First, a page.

Emotional Labor Is Not The Problem

It is trendy to blame a lot of relationship issues on the construct of emotional labor.  The story is that a woman is expected to do the “emotional labor” within the relationship (planning birthday parties, remembering when the household is out of papertowels, making holidays cards; this idea is summed up by this article) and the man just sits around and doesn’t worry about it. Emotional labor was originally a sociological term that referred to managing your emotions as a job requirement, like how an airline attendant is expected to act cheerful.  The creator of the term herself has stated that it was not meant to refer to household tasks, and that there is a lot of “blurry thinking” around the current use of the term.

I have worked with couples for over a decade, and the division of emotional labor is never the primary issue in a relationship. It is a proxy variable, and I have seen the use of this term obscure the deeper, more important issues at play. Instead of using this idea as a jumping-off place to get to other, more individual-level marital issues, many people just end the discussion here, and make compromises involving the man doing more stuff.  This, in my experience, doesn’t address the deeper, attachment-level issues that most struggling couples face.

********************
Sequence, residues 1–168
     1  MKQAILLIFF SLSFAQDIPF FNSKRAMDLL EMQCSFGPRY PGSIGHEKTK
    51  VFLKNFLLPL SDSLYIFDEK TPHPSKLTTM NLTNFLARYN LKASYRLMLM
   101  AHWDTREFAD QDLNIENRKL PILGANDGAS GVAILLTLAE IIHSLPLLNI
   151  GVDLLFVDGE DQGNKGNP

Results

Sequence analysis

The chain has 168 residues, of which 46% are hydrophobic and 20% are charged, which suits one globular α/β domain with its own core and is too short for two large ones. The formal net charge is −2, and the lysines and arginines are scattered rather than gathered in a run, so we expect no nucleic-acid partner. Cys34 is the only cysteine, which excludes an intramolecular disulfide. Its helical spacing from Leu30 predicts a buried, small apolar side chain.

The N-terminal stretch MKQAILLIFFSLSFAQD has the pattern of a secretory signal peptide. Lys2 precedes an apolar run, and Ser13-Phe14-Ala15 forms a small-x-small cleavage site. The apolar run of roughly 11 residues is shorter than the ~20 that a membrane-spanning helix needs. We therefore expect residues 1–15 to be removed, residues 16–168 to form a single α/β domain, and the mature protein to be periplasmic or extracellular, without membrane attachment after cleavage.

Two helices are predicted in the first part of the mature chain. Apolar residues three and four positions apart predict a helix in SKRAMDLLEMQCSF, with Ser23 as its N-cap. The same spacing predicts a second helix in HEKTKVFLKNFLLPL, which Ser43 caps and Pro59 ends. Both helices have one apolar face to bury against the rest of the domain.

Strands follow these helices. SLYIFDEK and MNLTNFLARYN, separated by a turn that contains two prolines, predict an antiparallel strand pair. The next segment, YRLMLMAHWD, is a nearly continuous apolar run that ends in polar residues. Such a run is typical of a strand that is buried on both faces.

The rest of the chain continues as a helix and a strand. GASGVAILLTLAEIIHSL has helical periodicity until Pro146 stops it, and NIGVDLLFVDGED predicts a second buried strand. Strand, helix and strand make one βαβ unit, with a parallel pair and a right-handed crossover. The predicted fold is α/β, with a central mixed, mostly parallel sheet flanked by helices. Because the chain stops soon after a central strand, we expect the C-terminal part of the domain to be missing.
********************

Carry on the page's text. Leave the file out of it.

An important point to mention is that, in my personal/friend and clinical experience, men actually do plenty of emotional labor.  In gender-stereotypical situations, in happy marriages, men generally do most of the emotional labor surrounding:

  • how money gets made, saved, spent
  • bill paying
  • worrying about mortgages, insurance,
  • taking care of vehicles
  • coaching sports
  • management of outdoor work like mowing, yardwork
  • worrying about how to make their wife happy and do the things she asks for in her domain (without bothering the wife about any of the above areas)